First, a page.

P. Singaram

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Singaram P
Born (1920-08-12)12 August 1920
Singampunari, Sivaganga Dt, Tamil Nadu
Died December 30, 1997(1997-12-30) (aged 77)
Occupation Novelist, Editor, Garment businessman
Language Tamil, Malay, Bahasa
Nationality Indian
Period 1920–1997
Genre Fiction
Subject Travel, War

P Singaram (Tamil: ப சிங்காரம்) was an important Tamil writer from Sivagangai district who lived most of his adult life is South east Asia - mainly Indonesia and Malaysia.

P Singaram is considered to be one of the greatest Tamil novelist of the modern era despite having authored only two novels. His Puyalile Oru Thoni is considered by many Tamil literary giants to be one of the very important Tamil fiction of all time.

Early life[edit]

Singaram was born on 12 August 1920 to Ku.Pazhanivel Nadar and Unnamalai Ammal in a village called Singampunari in Sivagangai district in Tamil Nadu. He was third of brothers Subramanian and Bhaskaran and his family was involved in clothes business along with his grand father Kumarasamy Nadar.

He had his primary education at Singampunari Primary school and further education at St.Mary's higher secondary school Madurai. He went to Medan, Indonesia when he was 18 years old to work there with S K Sinnamuthu Pillai.

He got married there but his wife and the baby died in pregnancy when he was 25. He came back to India after World War II and lived in Madurai

Formative years and influences[edit]

He moved to Medan when he was 18 - when the world slowly came together the second time for a great World War. The waters become treacherous and Singaram didn't get his share of Tamil Language magazines through ships. Penang library provided him solace and introduced Hemingway, Tolstoy, Faulkner, Chekov and Dostoyevsky to him.

His influence of Hemingway was very evident in both his works and he considered A Farewell to Arms his favorite and masterpiece of Hemingway. He believed A Farewell to Arms an important milestone in American literature and rated Anna Karenina more than War and Peace

Works[edit]

Singaram has written only 2 novels and he was so frustrated by the difficulties he faced in publishing his novels that he never wrote anything after that. He said he was not encouraged when he wanted to write and he lost motivation after publishing the 2 novels he wrote. He has more than once spoke of Ernest Hemingway's influence [1] in his works and lists him as his favourite writer.

His knowledge on Tamil literature was limited to short stories of Pudhumaipithan and Mouni he read before travelling to Indonesia. In his later years when asked whether he is aware of the present Tamil writers and their works he commented it lacked depth and he couldn't read past two pages of Sujatha and Sivasankari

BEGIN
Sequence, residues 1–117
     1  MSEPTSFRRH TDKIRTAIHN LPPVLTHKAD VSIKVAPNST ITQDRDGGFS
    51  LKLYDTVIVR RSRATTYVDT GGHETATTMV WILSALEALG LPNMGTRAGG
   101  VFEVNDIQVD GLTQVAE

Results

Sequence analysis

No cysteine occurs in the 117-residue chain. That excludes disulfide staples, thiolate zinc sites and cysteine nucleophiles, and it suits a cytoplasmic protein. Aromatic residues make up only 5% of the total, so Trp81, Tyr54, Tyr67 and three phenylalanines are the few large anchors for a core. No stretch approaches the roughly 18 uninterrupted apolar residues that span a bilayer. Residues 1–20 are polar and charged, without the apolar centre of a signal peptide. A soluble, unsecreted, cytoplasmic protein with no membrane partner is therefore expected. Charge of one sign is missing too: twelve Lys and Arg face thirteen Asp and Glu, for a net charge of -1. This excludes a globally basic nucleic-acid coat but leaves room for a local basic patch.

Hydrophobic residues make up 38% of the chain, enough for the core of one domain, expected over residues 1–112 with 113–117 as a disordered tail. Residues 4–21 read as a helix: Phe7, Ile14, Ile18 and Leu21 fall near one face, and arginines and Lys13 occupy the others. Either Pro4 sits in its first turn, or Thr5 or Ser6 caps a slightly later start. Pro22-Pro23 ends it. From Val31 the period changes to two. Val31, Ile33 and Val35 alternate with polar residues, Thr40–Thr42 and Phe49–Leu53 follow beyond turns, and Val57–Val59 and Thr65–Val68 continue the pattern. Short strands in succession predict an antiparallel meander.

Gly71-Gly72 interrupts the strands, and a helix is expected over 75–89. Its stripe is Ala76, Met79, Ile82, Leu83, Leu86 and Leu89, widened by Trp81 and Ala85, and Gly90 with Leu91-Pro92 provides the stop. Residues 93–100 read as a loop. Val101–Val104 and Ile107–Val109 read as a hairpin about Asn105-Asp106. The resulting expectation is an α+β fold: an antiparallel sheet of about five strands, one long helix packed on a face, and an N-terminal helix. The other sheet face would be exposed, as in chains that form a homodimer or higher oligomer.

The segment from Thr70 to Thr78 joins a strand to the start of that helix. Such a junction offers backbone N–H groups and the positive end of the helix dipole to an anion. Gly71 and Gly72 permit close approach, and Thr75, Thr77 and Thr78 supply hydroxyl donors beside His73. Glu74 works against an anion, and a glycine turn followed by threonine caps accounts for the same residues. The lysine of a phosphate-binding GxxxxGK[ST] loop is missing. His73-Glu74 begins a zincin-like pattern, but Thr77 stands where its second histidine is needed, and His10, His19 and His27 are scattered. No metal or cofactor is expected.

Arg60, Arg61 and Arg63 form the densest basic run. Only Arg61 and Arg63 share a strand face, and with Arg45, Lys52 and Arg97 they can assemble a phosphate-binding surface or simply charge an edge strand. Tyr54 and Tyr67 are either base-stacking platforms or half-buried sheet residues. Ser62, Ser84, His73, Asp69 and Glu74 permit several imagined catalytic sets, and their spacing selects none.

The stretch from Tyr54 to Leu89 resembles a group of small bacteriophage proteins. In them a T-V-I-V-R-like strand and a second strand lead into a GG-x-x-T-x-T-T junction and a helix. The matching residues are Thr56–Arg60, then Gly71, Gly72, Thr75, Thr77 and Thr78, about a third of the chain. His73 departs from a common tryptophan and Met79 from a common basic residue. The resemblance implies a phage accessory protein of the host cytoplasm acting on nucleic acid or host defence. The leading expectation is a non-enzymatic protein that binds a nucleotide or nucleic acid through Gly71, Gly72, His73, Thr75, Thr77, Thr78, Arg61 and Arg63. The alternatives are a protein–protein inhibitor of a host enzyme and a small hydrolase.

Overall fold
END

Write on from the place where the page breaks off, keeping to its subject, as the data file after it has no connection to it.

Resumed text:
Kadalukku Appal[edit]

P Singaram wrote this novel in 1950 immediately after he returned to India. Though he sent the novel to many publishers the novel kept returning without getting published. A friend sent this novel to Kalaimagal publications for a novel contest. The novel won first prize in that novel contest. Finally, he was able to publish Kadalukku Appal in 1959 through Kalaimagal publications.

Puyalile Oru Thoni[edit]

This novel [2] was written in 1962 and it didn't find any publishers -after continuous efforts by a friend, Puyalile Oru Thoni was published in 1972 by Kalaignan publications. Many modern Tamil writers consider this as an important literary work published in Tamil in this century. The story happens in Sumatra in the background of Second World War.

Several notable film-makers have expressed their desire [3] to make this epic novel into a movie but conceding it's an impossible task to do justice to this book.

Later years and death[edit]

Singaram returned to India in 1946 and had plans to go back to Indonesia. It was never materialized and in Madurai he joined Dinathandhi newspaper and worked there till he took voluntary retirement in 1987. He did not maintain close relationships with anybody and lived alone for 50 years in YMCA hostel in Madurai

Writers Ramakrishnan, Konangi and many others have met Singaram in his last years of life and told him in person how much they were moved by his works. They repeatedly told Singaram's his stronghold in Tamil literature but Singaram was stoic as ever. He refused to accept his place and no more wrote.

In 1997, he gave away his earnings to Social welfare trusts. In the same year his health condition deteriorated and on 30 December 1997, he died in ambulance while being taken to hospital. He had told not to inform about his death to anyone.

References[edit]